We’ve recently had a small rise in COVID-19 numbers both in our hospitals and the community, though they remain relatively low compared to the peaks and waves we have crested over the last year. This moment is reminiscent of last spring when we had flattened our curve and tentatively raised our heads to grapple with what was happening in hotspots like New York City.
This spring as I raise my head and connect with colleagues around the world, I’m hearing about overstrained ICU capacity in Brazil, Kenya and Chile – all reminders that while spring is here for us, the global south is moving into a fall and winter that will be incredibly challenging. As we are moving through our phases and approaching vaccine access for all adults, I think about our continued need for awareness beyond the borders of our neighborhoods, cities, states, and counties and think about how our pandemic does not end until it ends for everyone globally.
We have a long road of recovery ahead of us. Our lives will likely never feel quite like they did heading into the pandemic – and in some ways – that might be for the better.
As we begin to shift gears from response to recovery, take a moment and think about what has changed in your work and in your life more broadly. These moments of big transition give us opportunities to choose what patterns we put in place for ourselves and our teams as we come back together to build a new normal.
Three questions to ask when making choices about the future
1. What are changes you want to keep?
2. What are things you miss and can’t wait to start doing again?
3. What are things you used to do by default a year ago that are better left in the past?
For me, I want to keep paying attention to the details of the small things in front of me that I often overlooked as my world got smaller and time slowed over the last year. I miss laughing and commiserating in 3-D with my colleagues at the beginnings and ends of meetings. And I have learned that it is all or nothing for virtual meetings moving forward. Gone are hybrid in-person sessions with virtual attendees where the audio was never very good, and when it was notoriously hard to bring a person on a screen into a filled room.
As we move towards the end of our formal UW Medicine Gratitude Campaign (note, we get to keep being grateful!), we want to give a special thanks to the Department of Psychiatry and Behavioral Sciences. In response to the impact of the pandemic on the mental health of our community, over 80 faculty and staff from across this department and from the Department of Rehabilitation Medicine, volunteered to provide ‘supportive conversations’ to members of our UW Medicine community navigating their response to the pandemic. Added to this valuable resource, the Department of Psychiatry and Behavioral Sciences, in collaboration with the UWMC Outpatient Psychiatry Clinic, has stepped up again to build a new tier of support for UW Medicine employees and their household members through our new Employee Mental Health Support Program (EMHS). More details on all of the programs listed below can be found on our EMHS website.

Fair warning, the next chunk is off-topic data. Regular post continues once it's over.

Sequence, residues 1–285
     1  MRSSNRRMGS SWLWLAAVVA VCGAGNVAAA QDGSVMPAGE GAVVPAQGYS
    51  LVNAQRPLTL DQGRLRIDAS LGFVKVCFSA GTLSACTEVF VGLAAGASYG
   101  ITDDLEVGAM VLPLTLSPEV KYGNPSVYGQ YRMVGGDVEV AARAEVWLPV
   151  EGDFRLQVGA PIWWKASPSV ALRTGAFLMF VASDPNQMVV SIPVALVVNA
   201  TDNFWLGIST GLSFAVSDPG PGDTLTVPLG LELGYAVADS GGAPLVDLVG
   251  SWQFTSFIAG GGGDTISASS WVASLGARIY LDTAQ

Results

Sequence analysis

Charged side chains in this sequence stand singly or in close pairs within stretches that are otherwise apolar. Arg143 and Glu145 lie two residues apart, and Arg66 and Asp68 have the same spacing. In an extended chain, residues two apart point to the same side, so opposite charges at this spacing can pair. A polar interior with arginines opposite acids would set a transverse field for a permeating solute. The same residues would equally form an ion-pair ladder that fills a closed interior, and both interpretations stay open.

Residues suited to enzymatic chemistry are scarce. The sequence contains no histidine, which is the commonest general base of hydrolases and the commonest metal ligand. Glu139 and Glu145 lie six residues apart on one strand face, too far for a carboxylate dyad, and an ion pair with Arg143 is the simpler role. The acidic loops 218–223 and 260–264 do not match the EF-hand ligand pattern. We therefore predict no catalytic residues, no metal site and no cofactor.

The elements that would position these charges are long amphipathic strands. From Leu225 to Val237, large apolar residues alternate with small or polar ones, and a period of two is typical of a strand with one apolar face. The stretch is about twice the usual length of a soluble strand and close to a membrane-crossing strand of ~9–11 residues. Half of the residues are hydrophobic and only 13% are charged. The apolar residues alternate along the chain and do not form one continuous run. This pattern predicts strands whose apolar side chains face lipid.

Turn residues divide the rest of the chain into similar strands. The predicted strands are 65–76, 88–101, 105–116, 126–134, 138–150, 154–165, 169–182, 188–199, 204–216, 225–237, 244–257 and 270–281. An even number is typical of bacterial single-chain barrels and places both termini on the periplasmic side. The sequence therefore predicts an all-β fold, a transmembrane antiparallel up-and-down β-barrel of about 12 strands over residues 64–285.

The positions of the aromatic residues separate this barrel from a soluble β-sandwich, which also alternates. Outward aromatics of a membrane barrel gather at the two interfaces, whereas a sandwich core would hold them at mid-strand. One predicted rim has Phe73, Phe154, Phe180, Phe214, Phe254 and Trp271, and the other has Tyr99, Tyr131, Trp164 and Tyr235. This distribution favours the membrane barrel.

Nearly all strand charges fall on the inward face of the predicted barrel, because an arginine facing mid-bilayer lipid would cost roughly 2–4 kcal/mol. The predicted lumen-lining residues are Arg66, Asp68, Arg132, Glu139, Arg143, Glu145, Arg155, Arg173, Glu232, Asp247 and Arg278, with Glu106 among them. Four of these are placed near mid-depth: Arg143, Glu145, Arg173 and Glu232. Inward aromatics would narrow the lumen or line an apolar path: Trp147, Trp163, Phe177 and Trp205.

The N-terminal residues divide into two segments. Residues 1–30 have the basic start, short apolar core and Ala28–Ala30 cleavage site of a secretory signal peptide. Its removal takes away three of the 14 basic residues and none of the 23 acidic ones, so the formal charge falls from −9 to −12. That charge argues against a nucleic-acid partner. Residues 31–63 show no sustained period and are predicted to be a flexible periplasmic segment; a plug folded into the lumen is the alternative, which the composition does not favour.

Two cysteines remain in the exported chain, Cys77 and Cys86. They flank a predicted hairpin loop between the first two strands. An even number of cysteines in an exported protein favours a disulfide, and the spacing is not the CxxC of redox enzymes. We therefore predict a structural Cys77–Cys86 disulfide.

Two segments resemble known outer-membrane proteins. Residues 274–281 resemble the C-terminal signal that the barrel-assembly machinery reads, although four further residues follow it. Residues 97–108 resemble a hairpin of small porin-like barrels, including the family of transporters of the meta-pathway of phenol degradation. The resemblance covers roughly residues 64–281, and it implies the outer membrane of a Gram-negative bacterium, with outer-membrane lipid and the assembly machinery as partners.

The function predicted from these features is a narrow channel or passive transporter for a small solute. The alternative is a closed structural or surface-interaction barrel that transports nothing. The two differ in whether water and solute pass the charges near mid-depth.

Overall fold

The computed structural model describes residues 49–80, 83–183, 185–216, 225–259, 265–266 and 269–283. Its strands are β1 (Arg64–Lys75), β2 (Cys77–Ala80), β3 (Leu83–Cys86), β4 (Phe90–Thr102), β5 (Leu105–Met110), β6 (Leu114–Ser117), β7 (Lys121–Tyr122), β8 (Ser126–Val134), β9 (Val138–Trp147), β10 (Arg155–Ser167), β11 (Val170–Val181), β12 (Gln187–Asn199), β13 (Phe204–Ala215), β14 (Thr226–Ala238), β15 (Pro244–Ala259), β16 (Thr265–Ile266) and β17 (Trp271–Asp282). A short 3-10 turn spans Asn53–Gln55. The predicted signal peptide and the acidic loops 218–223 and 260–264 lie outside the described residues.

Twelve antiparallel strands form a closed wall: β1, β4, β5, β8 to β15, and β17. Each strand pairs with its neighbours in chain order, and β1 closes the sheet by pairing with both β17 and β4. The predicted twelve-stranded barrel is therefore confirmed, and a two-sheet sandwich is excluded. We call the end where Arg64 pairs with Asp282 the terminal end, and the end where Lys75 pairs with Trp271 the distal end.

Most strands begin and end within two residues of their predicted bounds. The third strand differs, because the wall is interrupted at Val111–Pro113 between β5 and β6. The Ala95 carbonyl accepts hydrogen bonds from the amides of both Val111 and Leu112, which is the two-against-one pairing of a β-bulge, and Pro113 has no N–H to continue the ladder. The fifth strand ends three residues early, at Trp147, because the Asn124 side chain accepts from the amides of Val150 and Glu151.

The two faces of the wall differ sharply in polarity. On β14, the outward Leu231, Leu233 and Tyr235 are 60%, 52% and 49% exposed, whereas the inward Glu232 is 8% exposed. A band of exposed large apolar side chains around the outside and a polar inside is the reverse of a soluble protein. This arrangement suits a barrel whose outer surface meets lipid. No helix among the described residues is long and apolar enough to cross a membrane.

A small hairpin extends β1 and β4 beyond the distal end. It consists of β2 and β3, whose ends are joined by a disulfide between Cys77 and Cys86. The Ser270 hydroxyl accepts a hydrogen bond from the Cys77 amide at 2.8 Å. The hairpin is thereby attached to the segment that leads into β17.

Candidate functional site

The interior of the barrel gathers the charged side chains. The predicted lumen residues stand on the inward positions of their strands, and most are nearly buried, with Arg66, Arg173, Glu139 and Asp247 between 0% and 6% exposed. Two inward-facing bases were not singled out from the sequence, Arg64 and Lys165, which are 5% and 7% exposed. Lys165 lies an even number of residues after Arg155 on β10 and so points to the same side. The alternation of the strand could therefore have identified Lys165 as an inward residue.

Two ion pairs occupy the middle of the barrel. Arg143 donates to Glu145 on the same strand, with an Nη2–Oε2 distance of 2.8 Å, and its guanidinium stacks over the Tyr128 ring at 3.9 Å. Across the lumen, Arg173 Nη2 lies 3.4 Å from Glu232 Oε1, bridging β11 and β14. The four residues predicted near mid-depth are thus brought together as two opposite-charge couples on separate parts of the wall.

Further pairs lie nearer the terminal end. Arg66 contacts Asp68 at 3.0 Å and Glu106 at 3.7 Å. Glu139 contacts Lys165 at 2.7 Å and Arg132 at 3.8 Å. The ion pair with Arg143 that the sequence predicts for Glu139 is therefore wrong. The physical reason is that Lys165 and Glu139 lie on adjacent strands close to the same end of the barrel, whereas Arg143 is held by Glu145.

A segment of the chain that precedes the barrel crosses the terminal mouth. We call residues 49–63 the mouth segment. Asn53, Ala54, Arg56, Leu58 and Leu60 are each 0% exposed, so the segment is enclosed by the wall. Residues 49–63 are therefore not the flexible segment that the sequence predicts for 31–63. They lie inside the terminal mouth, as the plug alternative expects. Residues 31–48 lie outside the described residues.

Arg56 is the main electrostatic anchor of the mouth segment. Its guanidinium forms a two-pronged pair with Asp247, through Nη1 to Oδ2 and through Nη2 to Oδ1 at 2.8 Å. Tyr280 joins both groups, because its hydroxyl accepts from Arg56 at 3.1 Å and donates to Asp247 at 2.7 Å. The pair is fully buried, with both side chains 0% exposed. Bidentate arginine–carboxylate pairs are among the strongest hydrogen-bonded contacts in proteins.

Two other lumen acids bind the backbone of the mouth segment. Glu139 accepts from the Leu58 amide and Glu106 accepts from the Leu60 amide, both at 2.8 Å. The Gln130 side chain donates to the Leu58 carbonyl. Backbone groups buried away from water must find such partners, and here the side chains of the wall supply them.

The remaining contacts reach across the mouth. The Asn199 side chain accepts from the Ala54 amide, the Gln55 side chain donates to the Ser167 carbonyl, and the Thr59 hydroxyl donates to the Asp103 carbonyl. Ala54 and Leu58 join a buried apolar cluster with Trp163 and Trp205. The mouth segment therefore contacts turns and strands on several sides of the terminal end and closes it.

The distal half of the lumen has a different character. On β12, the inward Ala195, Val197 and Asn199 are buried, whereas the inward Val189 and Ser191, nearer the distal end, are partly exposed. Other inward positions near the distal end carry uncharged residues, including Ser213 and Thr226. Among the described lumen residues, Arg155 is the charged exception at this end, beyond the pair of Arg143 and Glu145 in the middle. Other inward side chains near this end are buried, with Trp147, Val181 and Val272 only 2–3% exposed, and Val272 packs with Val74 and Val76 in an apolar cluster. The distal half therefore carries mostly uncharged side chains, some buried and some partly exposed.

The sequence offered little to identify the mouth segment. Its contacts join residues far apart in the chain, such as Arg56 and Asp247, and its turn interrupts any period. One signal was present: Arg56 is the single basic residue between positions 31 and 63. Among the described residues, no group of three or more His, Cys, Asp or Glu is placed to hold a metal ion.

Supportive Resources for UW Medicine Faculty & Staff
Help Identifying Mental Health Options
Over 80 people from across UW Medicine have already taken advantage of this new resource. A health navigator can help you identify options available to you, and there is no charge to speak with a navigator. Intake form and correspondence with navigators is completely confidential unless there is risk of harm to self or others. Intake Form.
Free, Supportive Conversations With Clinicians
Request free, confidential conversations with clinician colleagues. UW Medicine Department of Psychiatry and Behavioral Sciences faculty and staff volunteers are available to provide UW Medicine staff and faculty with free, informal, telephone or video-based conversations.
Request Supportive Conversations.
Peer to Peer Support
Our Peer to Peer Program has navigated over 600 referrals for support in the last year. The program is designed to provide a supportive listener after a stressful event or when your job feels overwhelming. Any care team member can access one on one support from a colleague in their field — a trained peer supporter. Schedule a conversation for you or a colleague.
Free Counseling Through CareLink
UW CareLink is the employee assistance program provided for PEBB benefits-eligible UW employees, their dependents, and other household members. Offering five free counseling sessions for each issue you work to solve, CareLink can assist with care for adults and minors. Access CareLink Resources.
It has been an incredibility challenging year. We are hopeful that with thoughtful reflection on our growth, lessons learned, support from folks around us, and with the time needed to process and recover, we can move toward thriving as individuals and as a community.
Anne Browning, PhD
Assistant Dean for Well-Being, UW School of Medicine
Founding Director, UW Resilience Lab
Affiliate Assistant Professor, UW College of Education